What I’m Working On I

I want four short stories to accompany my 5 Tina Storm: Demon Hunter short story collection. Currently I have three completed that fit in with the paranormal genre: guardian angels, ghosts, and one that’s so odd and non-type specific that I only know it’s paranormal (that’s The Archive of Lost Dreams).

As a side note, I was trying to rewrite a story I wrote when I was a teenager about a witch that visited the Underworld, but it just wasn’t working. So I gave up and decided to write an new urban story. After all, there is great joy in writing something entirely new.

My newest story is about fairy changelings. It’s my first fairy story ever, and I’m very excited about writing it. Once again, like Don’t Even Peep and The Archive of Lost Dreams, the protagonist is a very young girl. I think she’s seven or eight – these things can be hard to judge, and unless she turns around and tells me exactly how old she is, I’m not going to know for sure (much like Susan in Don’t Even Peep).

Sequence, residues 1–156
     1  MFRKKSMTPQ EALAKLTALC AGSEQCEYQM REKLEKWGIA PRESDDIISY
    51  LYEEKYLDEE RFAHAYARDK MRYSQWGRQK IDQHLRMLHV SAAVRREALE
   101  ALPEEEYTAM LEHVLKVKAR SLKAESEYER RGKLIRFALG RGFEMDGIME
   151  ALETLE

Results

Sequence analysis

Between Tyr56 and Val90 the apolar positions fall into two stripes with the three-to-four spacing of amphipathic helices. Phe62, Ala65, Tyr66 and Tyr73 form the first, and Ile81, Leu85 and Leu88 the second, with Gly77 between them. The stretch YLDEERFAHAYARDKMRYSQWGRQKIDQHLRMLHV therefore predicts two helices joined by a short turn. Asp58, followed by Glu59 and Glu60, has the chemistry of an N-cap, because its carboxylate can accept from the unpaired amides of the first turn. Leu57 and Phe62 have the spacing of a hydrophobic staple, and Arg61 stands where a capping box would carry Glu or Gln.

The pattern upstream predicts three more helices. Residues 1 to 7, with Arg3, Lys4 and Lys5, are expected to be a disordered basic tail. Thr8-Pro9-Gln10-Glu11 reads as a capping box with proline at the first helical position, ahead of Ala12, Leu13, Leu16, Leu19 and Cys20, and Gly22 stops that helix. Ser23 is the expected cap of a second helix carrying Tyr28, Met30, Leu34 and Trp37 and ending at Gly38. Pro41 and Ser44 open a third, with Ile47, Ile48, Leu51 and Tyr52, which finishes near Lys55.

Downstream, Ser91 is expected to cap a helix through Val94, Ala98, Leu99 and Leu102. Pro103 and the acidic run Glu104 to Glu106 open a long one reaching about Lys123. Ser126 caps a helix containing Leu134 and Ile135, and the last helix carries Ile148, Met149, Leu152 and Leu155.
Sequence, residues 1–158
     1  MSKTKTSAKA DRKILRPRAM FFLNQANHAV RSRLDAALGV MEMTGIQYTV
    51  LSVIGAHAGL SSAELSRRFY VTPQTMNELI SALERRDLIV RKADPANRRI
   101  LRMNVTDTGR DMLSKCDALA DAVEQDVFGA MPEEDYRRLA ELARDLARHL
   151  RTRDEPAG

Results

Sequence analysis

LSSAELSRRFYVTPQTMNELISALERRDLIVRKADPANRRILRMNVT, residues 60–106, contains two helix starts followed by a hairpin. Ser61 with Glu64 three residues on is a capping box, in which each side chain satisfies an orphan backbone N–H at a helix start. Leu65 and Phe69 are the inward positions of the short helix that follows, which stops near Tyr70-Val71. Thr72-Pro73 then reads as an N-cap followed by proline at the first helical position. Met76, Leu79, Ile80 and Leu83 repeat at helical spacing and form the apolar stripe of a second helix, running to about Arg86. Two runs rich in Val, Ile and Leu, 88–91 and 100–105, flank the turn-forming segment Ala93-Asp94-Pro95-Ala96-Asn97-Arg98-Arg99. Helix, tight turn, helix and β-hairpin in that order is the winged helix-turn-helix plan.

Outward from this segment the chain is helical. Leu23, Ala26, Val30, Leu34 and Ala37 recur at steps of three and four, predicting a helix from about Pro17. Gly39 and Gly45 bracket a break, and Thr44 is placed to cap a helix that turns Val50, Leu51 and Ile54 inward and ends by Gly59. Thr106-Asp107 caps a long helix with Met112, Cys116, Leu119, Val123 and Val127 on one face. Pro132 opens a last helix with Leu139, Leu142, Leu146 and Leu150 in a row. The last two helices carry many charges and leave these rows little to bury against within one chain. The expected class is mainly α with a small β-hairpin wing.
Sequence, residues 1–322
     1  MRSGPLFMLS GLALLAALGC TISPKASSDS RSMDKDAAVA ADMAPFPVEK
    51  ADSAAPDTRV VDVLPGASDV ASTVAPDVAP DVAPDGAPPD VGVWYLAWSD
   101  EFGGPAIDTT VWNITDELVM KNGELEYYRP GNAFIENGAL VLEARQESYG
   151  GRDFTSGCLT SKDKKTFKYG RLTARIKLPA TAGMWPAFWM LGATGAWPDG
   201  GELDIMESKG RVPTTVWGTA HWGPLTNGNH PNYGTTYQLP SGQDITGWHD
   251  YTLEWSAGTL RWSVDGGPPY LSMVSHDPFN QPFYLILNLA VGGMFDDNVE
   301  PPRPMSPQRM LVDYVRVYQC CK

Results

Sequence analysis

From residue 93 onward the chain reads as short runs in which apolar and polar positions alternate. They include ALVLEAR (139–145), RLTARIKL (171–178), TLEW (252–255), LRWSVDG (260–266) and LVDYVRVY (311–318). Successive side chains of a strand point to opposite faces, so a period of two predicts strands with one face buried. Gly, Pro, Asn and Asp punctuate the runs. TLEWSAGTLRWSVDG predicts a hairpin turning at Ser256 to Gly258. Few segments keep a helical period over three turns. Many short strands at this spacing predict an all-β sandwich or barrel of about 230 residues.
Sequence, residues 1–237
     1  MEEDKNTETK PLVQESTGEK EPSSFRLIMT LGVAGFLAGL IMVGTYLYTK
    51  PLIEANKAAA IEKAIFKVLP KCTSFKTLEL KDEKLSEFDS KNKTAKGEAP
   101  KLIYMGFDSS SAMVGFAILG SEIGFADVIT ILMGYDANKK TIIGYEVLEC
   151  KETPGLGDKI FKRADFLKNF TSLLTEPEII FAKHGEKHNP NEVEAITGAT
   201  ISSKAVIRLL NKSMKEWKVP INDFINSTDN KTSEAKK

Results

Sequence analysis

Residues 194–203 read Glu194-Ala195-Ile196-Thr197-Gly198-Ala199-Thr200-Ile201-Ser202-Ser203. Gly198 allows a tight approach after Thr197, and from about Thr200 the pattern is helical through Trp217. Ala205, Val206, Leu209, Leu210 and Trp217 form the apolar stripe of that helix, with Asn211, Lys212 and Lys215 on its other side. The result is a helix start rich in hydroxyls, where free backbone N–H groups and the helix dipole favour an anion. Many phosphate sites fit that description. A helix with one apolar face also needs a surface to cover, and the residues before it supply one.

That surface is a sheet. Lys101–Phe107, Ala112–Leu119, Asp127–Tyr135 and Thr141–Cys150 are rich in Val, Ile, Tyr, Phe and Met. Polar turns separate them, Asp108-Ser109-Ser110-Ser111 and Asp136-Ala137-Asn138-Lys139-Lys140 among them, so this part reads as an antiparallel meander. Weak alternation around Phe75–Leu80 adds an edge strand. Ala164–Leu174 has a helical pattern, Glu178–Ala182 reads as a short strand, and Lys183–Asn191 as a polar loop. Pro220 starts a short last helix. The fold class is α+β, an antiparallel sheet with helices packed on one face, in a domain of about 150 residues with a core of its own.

I’m focusing on producing classic types of stories for the collection, because short stories can be hard to sell (especially if it’s only a small collection). I’m using elements everyone recognises such as vampires, werewolves, and sirens; as well as lesser utilised demon types such as djinn (genies) and reapers.

Hopefully this small collection will bring new readers to my larger books, even though none of them are very mainstream.


5 thoughts on “What I’m Working On I

  1. Penelope says:

    Ooh, I love fairy stories! Yay for including one with a changeling. 🙂

    This collection sounds interesting. I love the paranormal/supernatural aspects that you are including. I’ll have to check it out when the collection is finished!


  2. Sari Webb says:

    It must be fun to be able to write about so many different paranormal elements in your short stories. I haven’t written many shorts but it seems a lot less restrictive than novel writing.


    • Lissa says:

      Yes it is fun – but it’s also very odd. My novels are so different to mainstream literature (content-wise: my own take on lesser utilised creatures such as banshees, undines, sylphs etc. and in my sci-fi, cyborgs) that writing the better-known creatures like vampires is at the same time restrictive and kind of empowering. I’m beginning to understand why so many authors write the major contenders such as vampires and werewolves.


Comments are closed.